Monday, May 9, 2016

Southern Franklin County Cuisine Trail Sought

franklin countyA proposal to create a state-designated cuisine trail following a transportation loop that includes two scenic byways connecting  Saranac Lake, Paul Smiths and Tupper Lake, is moving forward.

More than 30 businesses and organizations have expressed interest. The next step is to gain letters of support from those interested in participating or supporting the initiative.

A public information meeting is scheduled for 6 pm Wednesday, May 11, at Paul Smith’s College in the Pine Room, located in the Joan Weill Student Center. An RSVP is requested by Tuesday, May 10. » Continue Reading.


Sunday, May 8, 2016

Aviation History: Air Marking The North Country (Conclusion)

AMP2A 1951CiceroNYShortly after the Japanese attacked Pearl Harbor, it was realized that airmarks could be used by enemy planes, so the order was given to remove 2,500 airmarks that stood within 150 miles of the nation’s coasts. Six weeks later, those marks were obliterated, undoing six years of labor—but shortly after, the blanket order was modified. Why? The absence of airmarks was causing military pilot trainees to become lost. The new order allowed airmarks within 50 miles of flight training airfields.

The national program resumed after the war, with improved methods (including government-supplied plywood templates for lettering) and greater participation, but it’s truly remarkable that despite historic advances in communications and airplanes, the airmark system remained in use into the 1970s.

If you’re old enough to have flown locally back then, you might recall some North Country rooftop markings, some of which are listed below with their year of origin. Most were maintained until the system became outdated. » Continue Reading.


Saturday, May 7, 2016

The History And Mystery Of Split Rock Mountain

The Champlain Palisades.PHOTO BY KAREN STOLZSplit Rock Mountain, the locale of an ancient boundary between nations, is the exotic and mysterious Far East of the Adirondacks. It’s home to rattlesnakes, bobcats, eagles, and peregrine falcons and the scene of a marital murder, a mining tragedy, and Revolutionary War intrigue. You’ll find here disappearing ponds, Lake Champlain’s sheerest shoreline, panoramic vistas, and a wonderfully varied network of trails.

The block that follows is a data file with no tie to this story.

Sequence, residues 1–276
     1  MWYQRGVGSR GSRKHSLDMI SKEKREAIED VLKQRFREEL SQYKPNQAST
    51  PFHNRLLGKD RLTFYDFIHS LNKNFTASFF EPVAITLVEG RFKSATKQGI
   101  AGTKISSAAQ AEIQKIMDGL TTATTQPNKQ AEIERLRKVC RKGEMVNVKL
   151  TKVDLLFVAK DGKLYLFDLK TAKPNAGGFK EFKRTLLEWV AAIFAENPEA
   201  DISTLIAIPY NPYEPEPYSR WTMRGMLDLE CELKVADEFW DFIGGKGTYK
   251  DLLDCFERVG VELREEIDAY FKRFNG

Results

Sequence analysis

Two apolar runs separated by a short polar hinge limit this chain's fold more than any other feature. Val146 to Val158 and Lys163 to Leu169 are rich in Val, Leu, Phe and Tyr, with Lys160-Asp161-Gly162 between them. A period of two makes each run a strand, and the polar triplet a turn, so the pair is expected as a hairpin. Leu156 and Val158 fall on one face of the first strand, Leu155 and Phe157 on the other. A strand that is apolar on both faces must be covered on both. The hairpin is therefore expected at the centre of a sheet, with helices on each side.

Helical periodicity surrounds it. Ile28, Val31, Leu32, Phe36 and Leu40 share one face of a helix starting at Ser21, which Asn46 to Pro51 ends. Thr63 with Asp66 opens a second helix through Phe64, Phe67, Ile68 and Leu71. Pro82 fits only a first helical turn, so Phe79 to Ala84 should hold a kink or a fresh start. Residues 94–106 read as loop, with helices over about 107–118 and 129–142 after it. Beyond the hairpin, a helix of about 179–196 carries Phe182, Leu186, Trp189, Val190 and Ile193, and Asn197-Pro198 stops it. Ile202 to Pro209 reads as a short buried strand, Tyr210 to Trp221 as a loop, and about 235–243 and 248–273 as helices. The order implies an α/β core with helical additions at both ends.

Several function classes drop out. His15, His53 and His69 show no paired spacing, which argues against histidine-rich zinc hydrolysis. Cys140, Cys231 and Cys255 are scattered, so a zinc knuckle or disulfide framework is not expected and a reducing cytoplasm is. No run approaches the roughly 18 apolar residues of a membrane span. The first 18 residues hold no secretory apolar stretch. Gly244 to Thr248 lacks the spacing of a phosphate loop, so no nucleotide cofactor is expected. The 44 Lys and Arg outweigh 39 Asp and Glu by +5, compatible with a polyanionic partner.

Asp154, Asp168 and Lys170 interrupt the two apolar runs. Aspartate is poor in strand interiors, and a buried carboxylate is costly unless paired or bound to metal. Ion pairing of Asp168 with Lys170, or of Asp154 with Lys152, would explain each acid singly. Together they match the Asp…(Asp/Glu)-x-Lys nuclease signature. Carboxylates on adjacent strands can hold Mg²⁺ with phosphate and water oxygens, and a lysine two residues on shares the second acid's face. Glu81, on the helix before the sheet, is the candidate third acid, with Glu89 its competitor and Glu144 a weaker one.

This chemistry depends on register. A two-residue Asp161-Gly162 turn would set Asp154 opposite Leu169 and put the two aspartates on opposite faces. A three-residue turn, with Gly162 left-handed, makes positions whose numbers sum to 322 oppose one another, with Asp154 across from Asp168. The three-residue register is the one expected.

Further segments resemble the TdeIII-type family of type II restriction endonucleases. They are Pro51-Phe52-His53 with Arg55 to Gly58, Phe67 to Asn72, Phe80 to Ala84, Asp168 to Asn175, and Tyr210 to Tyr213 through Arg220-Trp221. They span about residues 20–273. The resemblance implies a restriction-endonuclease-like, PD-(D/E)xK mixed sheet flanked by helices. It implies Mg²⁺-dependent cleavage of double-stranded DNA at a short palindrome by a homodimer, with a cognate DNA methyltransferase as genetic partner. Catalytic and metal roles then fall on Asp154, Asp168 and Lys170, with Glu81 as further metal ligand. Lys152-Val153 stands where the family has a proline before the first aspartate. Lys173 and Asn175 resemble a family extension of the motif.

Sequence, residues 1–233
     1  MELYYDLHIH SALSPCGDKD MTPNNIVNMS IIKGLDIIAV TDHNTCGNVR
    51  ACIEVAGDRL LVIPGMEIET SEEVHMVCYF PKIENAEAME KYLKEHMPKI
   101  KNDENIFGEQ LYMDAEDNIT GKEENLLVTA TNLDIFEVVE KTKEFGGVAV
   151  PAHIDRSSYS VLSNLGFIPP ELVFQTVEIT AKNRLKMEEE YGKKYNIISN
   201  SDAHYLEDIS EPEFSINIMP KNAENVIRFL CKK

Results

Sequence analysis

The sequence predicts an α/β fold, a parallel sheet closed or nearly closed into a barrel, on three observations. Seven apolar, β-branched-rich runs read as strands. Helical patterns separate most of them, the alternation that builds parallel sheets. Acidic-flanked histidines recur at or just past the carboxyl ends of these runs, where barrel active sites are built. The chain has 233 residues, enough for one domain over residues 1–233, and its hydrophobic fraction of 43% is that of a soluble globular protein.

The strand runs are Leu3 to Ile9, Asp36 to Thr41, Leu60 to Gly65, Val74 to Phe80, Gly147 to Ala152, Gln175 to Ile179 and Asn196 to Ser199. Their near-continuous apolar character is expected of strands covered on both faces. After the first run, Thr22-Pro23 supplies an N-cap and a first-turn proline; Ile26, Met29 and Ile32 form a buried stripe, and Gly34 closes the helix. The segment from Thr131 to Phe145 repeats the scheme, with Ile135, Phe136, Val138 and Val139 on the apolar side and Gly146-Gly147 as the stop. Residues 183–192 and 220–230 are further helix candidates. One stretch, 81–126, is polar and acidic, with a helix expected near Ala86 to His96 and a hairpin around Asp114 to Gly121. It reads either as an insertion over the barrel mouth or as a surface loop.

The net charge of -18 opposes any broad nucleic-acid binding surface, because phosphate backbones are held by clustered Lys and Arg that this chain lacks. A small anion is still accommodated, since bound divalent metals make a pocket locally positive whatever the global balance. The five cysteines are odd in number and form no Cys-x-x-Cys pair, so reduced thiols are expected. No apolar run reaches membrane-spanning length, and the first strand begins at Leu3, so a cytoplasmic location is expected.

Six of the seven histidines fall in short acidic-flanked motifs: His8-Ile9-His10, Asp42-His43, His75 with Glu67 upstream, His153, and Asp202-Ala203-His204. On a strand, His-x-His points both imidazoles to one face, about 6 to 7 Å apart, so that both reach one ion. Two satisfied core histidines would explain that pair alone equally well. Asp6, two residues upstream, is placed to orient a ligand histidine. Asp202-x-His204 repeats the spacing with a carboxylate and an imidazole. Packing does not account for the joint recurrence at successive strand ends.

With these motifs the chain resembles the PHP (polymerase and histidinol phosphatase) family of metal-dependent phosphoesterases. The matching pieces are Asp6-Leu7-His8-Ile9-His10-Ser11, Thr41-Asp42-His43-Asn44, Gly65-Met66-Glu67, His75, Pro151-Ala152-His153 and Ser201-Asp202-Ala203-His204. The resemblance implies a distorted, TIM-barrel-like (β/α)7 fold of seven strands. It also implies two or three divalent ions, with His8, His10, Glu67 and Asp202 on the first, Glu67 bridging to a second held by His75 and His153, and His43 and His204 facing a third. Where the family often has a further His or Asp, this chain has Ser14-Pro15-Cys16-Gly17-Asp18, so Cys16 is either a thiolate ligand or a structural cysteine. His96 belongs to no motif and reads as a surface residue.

I’ve been lucky to visit these woods often on foot and on skis. The mountain straddles adjoining corners of Essex and Westport. My first jaunt here was in 1984, soon after the state’s first big land purchase in the area, and my guide was Gary Randorf, the first executive director of the Adirondack Council. We explored a rolling dogleg trail, his favorite, now called Gary’s Elbow. That spring day we observed the deeply soft lavender of hepatica (to me, the loveliest early wildflower), and we hiked to the lookout over Snake Den Harbor, a deep anchorage bounded by precipitous haunts of the eastern timber rattlesnake. » Continue Reading.


Saturday, May 7, 2016

Astronomy: The Transit Of Mercury On Monday

mercury transit the outsiderIt’s just a tiny black dot moving very, very slowly. But if you’re interested in astronomy, this is an exciting dot. It is Mercury, the smallest planet in our solar system, passing between the earth and the sun. The transit of Mercury is a relatively rare event, so sky-watchers are hoping for clear skies between 7:13 am and 2:41 pm on May 9.